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Cancer Res. 2000 Oct 15;60(20):5714-22.

Role of the immune response during neuro-attenuated herpes simplex virus-mediated tumor destruction in a murine intracranial melanoma model.

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  • 1Department of Microbiology, University of Pennsylvania School of Medicine, Philadelphia 19104-6076, USA.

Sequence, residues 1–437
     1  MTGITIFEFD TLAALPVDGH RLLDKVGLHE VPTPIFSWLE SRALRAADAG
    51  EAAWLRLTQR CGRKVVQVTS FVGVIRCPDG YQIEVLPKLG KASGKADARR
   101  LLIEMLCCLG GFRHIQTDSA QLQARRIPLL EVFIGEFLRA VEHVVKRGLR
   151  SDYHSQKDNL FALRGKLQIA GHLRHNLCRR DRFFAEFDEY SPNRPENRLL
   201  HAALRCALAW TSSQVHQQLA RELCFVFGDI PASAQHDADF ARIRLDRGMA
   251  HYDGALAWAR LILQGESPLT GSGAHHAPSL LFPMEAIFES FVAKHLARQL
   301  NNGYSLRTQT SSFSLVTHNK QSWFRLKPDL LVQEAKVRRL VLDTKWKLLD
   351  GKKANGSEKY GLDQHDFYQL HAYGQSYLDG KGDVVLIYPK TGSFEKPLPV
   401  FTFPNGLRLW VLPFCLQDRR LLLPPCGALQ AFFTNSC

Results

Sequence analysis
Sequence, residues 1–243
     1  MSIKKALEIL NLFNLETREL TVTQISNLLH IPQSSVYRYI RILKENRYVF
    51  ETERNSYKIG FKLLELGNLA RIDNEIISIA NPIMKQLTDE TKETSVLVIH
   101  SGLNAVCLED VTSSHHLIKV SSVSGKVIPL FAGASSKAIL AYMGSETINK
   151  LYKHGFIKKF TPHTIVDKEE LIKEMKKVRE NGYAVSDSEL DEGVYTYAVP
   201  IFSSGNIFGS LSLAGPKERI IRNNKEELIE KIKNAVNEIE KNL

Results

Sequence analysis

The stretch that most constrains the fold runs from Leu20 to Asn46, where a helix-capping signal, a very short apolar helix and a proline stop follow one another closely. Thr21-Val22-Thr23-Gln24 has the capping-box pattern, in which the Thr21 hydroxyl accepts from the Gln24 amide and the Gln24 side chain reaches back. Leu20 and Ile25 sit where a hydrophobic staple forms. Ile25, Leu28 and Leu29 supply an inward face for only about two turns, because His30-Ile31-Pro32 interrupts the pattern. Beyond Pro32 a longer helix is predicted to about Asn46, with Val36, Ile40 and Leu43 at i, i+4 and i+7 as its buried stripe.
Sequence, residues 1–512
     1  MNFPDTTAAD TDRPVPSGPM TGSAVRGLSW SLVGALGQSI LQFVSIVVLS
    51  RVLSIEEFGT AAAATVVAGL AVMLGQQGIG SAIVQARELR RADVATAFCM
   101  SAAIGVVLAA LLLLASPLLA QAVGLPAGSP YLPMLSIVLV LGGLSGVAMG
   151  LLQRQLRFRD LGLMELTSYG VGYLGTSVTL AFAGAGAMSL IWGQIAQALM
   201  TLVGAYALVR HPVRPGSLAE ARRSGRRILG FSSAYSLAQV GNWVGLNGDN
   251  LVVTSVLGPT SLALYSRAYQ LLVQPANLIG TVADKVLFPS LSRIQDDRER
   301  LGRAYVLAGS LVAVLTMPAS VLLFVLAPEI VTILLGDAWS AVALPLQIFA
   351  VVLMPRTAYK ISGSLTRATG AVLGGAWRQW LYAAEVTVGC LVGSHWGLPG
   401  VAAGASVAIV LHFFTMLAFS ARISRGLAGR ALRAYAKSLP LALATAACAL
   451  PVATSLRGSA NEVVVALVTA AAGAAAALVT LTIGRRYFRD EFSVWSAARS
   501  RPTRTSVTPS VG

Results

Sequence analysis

Neuro-attenuated herpes simplex virus-1 (HSV-1) gamma34.5 mutants can slow progression of preformed tumors and lead to complete regression of some tumors. However, the role of the immune response in this process is poorly understood. Syngenic DBA/2 tumor-bearing mice treated with HSV-1 1716 fourteen days after tumor implantation had significant prolongation in survival when compared with mice treated with viral growth sera (mock; 38.9 +/- 2.3 versus 24.9 +/- 0.6, respectively; P < 0.0001). Additionally, 60% of the animals treated on day 7 had complete regression of the tumors. However, no difference was observed in the mean survival rates of viral- or mock-treated tumor-bearing SCID mice (15 +/- 1.7 versus 14.8 +/- 2.2, respectively). When DBA/2 mice syngenic for the tumor were depleted of leukocytes by cyclophosphamide administration (before and during viral administration), there was again no significant difference observed in the survival times (19.0 +/- 1.9 versus 19.5 +/- 2.7, respectively). These data demonstrate that the immune response contributes to the viral-mediated tumor destruction and the increase in survival. Immune cell infiltration was up-regulated, specifically CD4+ T cells and macrophages (which are found early after viral administration). Prior immunity to HSV-1 increased survival times of treated mice over those of naive mice, an important consideration because 50-95% of the adult human population is sero-positive for HSV-1. Our results imply that the timing of viral administration and the immune status of the animals will be an important consideration in determining the effectiveness of viral therapies.

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